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4 keys to a top-down testing strategy

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Hans Buwalda, Chief Technology Officer, LogiGear

It's difficult enough to keep up with advances in software testing. Add to that the growing number of misunderstandings between test teams and leaders about how, where, and when to test, and it becomes even more challenging to achieve on-time, quality releases.

If you involve senior leaders in the testing process from the beginning, you can overcome many of these problems. While those leaders won't be doing the manual work, they should understand at a basic level what it takes to test and deliver great software.

From there, it's possible to establish leadership from the top by setting clear expectations around quality and by providing the proper support for team members. This support includes education, training, tools, and more.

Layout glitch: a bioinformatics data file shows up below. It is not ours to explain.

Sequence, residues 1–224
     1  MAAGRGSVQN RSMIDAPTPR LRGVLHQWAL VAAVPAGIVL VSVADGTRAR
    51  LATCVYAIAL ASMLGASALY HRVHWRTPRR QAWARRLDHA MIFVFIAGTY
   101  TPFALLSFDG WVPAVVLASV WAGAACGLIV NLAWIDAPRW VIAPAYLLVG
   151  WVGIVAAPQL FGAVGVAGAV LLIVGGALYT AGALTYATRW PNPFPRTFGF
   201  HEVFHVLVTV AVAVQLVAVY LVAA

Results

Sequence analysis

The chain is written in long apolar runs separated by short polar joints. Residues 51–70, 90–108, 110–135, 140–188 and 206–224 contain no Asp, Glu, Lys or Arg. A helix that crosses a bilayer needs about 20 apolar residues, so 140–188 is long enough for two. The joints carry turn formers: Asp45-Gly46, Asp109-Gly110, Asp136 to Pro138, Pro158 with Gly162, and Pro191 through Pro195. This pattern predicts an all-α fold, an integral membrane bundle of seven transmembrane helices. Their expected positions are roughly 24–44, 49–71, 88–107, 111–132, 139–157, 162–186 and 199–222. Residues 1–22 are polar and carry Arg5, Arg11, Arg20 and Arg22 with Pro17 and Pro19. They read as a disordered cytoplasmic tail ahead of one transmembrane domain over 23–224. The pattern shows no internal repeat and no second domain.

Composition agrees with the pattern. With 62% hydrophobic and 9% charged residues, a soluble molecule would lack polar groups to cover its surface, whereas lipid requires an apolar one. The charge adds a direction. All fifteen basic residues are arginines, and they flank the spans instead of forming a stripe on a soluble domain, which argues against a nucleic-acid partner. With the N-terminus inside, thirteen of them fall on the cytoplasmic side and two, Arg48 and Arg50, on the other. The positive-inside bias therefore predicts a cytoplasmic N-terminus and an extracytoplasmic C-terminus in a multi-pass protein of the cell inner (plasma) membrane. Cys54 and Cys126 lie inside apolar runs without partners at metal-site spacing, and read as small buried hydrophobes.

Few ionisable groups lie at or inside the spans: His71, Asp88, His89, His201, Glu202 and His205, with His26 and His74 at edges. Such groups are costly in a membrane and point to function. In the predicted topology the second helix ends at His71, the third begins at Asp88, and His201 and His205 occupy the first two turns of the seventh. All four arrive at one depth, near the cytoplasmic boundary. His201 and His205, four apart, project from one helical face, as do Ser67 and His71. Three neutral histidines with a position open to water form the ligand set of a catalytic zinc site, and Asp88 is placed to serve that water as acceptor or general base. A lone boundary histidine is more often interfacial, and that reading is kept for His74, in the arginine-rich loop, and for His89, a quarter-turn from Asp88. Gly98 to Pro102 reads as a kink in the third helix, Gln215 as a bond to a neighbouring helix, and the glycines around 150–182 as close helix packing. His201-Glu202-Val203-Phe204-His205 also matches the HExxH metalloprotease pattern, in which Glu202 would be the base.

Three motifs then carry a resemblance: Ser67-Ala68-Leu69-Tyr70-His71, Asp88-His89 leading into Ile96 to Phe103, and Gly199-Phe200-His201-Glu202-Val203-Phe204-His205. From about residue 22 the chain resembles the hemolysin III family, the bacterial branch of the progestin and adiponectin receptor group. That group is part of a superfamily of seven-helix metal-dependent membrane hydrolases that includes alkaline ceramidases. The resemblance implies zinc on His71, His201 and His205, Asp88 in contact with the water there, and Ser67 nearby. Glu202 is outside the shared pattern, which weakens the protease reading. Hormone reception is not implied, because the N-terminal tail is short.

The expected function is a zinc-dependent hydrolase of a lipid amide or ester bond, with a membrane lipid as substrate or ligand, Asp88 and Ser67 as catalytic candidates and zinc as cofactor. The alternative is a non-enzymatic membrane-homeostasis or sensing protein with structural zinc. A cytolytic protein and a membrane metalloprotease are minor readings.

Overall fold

As firms look to adopt testing in continuous delivery, they are questioning whether test plans still have a place. They do. Modern test plans can provide a vehicle for creating and communicating the test strategy and approach. They give teams an opportunity to communicate assumptions and approaches, including exclusions such as why a factor wasn't tested.

Here are some key testing tips to keep in mind.

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1. Make the right test plans

There are essentially two types of test plans. In a global plan, teams outline the ambition levels, expectations, timelines, resources, methods, tools, and other key components of a test. A detailed plan includes the specific test cases. Unlike with the global plan, you need to maintain a detailed plan when software changes.